Monday, February 22, 2021

Canceling the Classics

 From World Magazine:

Late last January, the U.K.’s University of Leicester sent out a staff email proposing that authors prior to the year 1500 be dropped from the English curriculum to make room for “a selection of modules on race, ethnicity, sexuality and diversity, a decolonised curriculum and new employability modules.” That would put Geoffrey Chaucer, Sir Thomas Malory, and Beowulf on the chopping block. Just what students expect from an English degree, Micah Mattix wryly observed at The American Conservative: “politics and vocational training.” 

In spite of strident protests, the proposal is still on the table. If it goes into effect, there’s another brick removed from the wall of Western culture for the sake of contemporary relevance. Also for the sake of future English majors who can’t navigate “Whan that Aprill with his shoures soote.” 

The university administration insisted it was not removing Chaucer because of his “whiteness.” The same can’t be said of educators here in the United States, where #DisruptTexts has quickly gone from hashtag to movement. On its website, #DisruptTexts is described as “a crowdsourced, grassroots effort by teachers for teachers to challenge the traditional canon in order to create a more inclusive, representative, and equitable language arts curriculum that our students deserve.”

The influence of these teachers is significant: They speak at conferences, write for publications, and have the ear of organizations like the International Literacy Association and the National Council of Teachers of English. They are recruited by publishers to promote diverse literature for children. They insist that “disrupting” does not mean book-banning but elevating authors of all races, genders, religions, and sexual orientations to a platform previously dominated by whites.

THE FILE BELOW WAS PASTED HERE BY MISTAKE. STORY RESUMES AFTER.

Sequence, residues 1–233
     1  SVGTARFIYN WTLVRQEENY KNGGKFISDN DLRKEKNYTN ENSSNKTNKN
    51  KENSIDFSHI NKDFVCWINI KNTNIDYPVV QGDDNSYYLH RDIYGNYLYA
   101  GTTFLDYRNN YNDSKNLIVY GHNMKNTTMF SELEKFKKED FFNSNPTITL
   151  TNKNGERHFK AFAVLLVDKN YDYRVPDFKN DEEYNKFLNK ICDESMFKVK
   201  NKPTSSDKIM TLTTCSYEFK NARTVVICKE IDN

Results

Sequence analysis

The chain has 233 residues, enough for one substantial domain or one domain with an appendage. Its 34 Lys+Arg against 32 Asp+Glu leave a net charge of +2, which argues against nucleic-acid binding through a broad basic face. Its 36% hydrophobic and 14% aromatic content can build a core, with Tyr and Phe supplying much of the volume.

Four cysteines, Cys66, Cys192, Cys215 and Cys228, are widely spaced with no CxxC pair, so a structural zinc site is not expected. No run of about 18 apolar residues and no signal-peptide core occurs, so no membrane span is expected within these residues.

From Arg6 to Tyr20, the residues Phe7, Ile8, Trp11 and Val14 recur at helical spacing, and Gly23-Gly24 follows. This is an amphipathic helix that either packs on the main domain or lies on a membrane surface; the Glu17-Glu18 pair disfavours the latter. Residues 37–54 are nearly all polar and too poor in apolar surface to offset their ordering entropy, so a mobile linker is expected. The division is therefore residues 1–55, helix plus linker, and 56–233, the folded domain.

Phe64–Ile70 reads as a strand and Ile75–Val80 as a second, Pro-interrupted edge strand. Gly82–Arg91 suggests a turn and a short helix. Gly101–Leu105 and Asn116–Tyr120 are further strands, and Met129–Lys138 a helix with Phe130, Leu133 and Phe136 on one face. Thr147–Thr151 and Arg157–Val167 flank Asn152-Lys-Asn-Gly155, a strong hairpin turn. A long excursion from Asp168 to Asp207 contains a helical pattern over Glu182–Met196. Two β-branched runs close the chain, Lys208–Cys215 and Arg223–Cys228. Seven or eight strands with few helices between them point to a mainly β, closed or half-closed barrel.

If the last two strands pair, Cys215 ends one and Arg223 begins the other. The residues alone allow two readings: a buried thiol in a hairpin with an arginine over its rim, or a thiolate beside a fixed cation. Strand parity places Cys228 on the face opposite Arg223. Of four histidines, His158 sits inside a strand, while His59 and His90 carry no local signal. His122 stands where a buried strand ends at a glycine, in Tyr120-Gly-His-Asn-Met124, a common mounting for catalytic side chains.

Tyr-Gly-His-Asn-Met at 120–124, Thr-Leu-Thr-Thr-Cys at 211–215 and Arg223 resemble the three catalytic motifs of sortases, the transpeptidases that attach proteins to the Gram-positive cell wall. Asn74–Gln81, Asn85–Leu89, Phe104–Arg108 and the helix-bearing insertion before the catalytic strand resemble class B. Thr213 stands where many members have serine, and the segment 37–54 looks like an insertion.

Opening the floor to diverse views is a reasonable, even praiseworthy, objective. Often, though, the implementation means either shouting down historical voices or putting them under a social justice microscope. Writing in School Library Journal, novelist Padma Venkatraman recognizes the literary excellence of the classics. But, she argues, justice demands we relegate them to social studies classrooms, “where inherent ideas of inequity are exposed and examined; where Huckleberry Finn may be viewed as an example of literature that showcases the white lens.” Students should not read classic texts as literature, or even as valuable insight into the faults and virtues of the past, but as analytical challenges: to dissect the subtle and unsubtle underpinnings of white supremacy. (Read more.)


1 comment:

julygirl said...

What next will the Cancel Culture/Thought Police cancel? Their control over everything is reaching farther and farther. It is all part of the fact that they believe they control everything including the weather and the earth's revolutions around the sun.